, The Jakarta Post , Jakarta | Fri, 08/26/2005 11:44 AM | Opinion
Muhamad Ali, Manoa, Hawai
Singapore is a unique example of how Islamic moderation could be made possible by a politically and economically secular environment. It is commonly held that global modernity has nothing to do with tradition and religion. But if one more closely observes, religious lives can be interrelated to the ways in which a country modernizes itself in economy and education.
It is true that Singapore remained one of the most tightly controlled, though nominally democratic, states in Southeast Asia. With a total population in 2000 of four million -- 77 percent Chinese, 14 percent Malay and 8 percent Indian -- Singapore faced sensitive issues relating to ethnicity, though there was little overt unrest.
With a highly urban character and its predominantly Chinese population, Singapore became Southeast Asia's most thriving entrepreneurial state and a major regional -- and global-communications center by the early 1990s, though it was done at some cost in personal liberties, self-expression and stringent controls continued on information and the media.
But paradoxically, most Singaporeans seem to be quite happy about their religious lives. The question arises: Is that because economic development has actually transformed in positive ways the pragmatic, thus tolerant minds of the religious peoples? Is the religious freedom that they have been experiencing made possible by their prosperity? What is the relationship between religious observance and global modernity appropriation?
In Singapore, where (mostly Malay) Muslims constitute a minority living in a society undergoing far-reaching secularizing changes, some 68 mosques stand as an important bulwark of Muslim identity and community integrity. Though the main function of a mosque is as a place of prayer, the mosque plays a variety of roles. Many such satellite mosques have also madrasah (modernized Islamic schools) and pre-school centers. Mosques also provide diverse services, mostly religious, educational, social and economic ones. Religious development and economic modernization seem to support each other.
Islamic organizations such as PERGAS (Union of Singapore Islamic Teachers) and MUIS (Council of Islamic Religion in Singapore) have been actively engaged in educational and social activities. Singapore has conditioned MUIS, for example, to have a vision of reaching towards ""a community of excellence that is religiously profound and socially progressive.""
MUIS further spells out the desired attributes of the Singapore Muslim community with respect to socio-religious life, namely to hold strongly to Islamic principles while adapting itself to changing contexts.
Unlike Indonesian Muslims, Muslim communities in Singapore are comparatively ""conservative"" in their religious beliefs and practices, but ""progressive"" in terms of economic and social behavior.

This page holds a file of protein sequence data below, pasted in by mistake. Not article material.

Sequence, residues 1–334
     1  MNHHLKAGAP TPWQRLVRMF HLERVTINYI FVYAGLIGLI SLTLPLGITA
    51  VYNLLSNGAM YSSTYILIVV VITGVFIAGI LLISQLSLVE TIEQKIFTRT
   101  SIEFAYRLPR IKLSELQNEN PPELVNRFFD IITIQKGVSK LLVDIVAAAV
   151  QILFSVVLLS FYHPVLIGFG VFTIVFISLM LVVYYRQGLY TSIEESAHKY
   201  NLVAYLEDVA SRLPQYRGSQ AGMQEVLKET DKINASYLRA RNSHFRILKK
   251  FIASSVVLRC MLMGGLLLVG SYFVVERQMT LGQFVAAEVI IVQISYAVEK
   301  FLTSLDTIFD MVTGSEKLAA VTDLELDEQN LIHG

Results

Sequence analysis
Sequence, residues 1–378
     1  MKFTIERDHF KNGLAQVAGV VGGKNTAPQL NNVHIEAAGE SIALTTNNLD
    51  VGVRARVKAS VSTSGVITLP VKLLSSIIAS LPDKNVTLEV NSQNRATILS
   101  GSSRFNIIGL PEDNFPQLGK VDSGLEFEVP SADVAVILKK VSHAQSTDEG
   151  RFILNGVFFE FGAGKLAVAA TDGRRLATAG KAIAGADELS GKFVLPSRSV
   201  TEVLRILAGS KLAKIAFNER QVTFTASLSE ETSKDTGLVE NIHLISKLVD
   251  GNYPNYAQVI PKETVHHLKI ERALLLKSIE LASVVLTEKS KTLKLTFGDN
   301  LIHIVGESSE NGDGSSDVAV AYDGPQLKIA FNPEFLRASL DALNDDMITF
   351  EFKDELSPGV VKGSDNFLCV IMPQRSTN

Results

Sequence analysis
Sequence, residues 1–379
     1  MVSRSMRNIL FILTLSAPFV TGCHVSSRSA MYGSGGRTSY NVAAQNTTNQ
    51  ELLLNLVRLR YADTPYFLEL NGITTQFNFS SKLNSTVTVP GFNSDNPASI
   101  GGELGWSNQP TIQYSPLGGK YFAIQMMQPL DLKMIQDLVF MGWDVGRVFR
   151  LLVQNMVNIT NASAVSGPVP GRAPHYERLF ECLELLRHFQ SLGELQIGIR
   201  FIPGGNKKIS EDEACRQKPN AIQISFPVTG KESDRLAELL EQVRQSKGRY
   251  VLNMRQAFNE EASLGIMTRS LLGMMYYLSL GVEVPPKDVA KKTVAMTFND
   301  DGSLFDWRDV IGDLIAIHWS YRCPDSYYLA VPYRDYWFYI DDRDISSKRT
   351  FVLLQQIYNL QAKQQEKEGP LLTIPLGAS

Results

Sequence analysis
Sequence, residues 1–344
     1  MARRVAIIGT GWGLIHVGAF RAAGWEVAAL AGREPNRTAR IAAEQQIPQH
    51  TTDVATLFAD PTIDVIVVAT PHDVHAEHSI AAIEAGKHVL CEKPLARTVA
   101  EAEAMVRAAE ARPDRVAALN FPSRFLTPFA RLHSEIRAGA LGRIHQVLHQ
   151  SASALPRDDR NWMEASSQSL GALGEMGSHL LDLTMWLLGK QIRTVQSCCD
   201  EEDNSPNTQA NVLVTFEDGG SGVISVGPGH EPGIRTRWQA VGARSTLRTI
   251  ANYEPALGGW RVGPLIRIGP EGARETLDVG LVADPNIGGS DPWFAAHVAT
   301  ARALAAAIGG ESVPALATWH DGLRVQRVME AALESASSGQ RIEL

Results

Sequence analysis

The kind of Islamic ""conservatism"" can be easily recognized (headscarves and Arabo-Malay attire) due to the influential role of the particular kind of Middle Eastern Islamic preaching, publications and organizations. In fact, Singapore used to be the center for Islamic publication in Southeast Asia. Although they are conservative in religious belief and practices, they are against radicalism and terrorism.
For example, a Singaporean Malay Muslim woman said, ""We as Muslims should not be defensive about the misperceptions linking Islam to terrorism; it is our responsibly to explain that Islam has nothing to do with terrorism; if the terrorists claim themselves as Muslims they have misinterpreted some of the Koranic verses; but for us the terrorists are not truly Muslims because the meaning of Islam itself is peace.""
It is also very interesting to understand the extent to which Singaporeans experience religious freedom of its own. When I attended a Global Education Convention at the National University of Singapore in which international educators and students shared their knowledge and experiences in an attempt to promote global citizenship and education, I observed and talked to some of the Singaporeans about their religious lives.
Most of them are proud of being Singaporean and of the ways in which religious beliefs are being practiced. In places of worship, it appears that different peoples of religion (Buddhism, Hinduism, Islam, and Christianity) are quite content with the development of their religious lives.
Thus, when a country prospers, radical Islamism becomes less possible. Singapore provides a case in which Muslim minorities can actually live peacefully and prosperously in a secular, globalized country. Despite the imminent threats posed by Southeast Asian terrorist networks, Islam in Singapore can coexist with economic and political secularism.
The writer, a lecturer at the Syarif Hidayatullah State Islamic University of Jakarta, is pursuing his Ph.D in History at the University of Hawaii at Manoa under the East-West Center Fellowship. He can be reached at firstname.lastname@example.org